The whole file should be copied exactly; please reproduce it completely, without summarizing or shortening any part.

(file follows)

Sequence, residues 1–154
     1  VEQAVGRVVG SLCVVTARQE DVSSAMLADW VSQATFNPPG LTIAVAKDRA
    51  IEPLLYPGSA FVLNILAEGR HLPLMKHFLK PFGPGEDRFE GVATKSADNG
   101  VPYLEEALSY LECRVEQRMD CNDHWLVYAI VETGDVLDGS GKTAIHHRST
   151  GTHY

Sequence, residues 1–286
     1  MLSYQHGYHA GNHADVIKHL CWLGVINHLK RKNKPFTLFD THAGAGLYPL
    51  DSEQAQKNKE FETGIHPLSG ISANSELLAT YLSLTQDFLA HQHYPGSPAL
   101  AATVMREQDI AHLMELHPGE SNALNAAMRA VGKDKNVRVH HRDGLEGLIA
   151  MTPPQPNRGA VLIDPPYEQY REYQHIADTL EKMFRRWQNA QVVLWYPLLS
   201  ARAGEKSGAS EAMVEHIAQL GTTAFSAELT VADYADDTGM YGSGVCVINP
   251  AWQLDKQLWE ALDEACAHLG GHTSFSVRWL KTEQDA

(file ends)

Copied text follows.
Sequence, residues 1–154
     1  VEQAVGRVVG SLCVVTARQE DVSSAMLADW VSQATFNPPG LTIAVAKDRA
    51  IEPLLYPGSA FVLNILAEGR HLPLMKHFLK PFGPGEDRFE GVATKSADNG
   101  VPYLEEALSY LECRVEQRMD CNDHWLVYAI VETGDVLDGS GKTAIHHRST
   151  GTHY

Sequence, residues 1–286
     1  MLSYQHGYHA GNHADVIKHL CWLGVINHLK RKNKPFTLFD THAGAGLYPL
    51  DSEQAQKNKE FETGIHPLSG ISANSELLAT YLSLTQDFLA HQHYPGSPAL
   101  AATVMREQDI AHLMELHPGE SNALNAAMRA VGKDKNVRVH HRDGLEGLIA
   151  MTPPQPNRGA VLIDPPYEQY REYQHIADTL EKMFRRWQNA QVVLWYPLLS
   201  ARAGEKSGAS EAMVEHIAQL GTTAFSAELT VADYADDTGM YGSGVCVINP
   251  AWQLDKQLWE ALDEACAHLG GHTSFSVRWL KTEQDA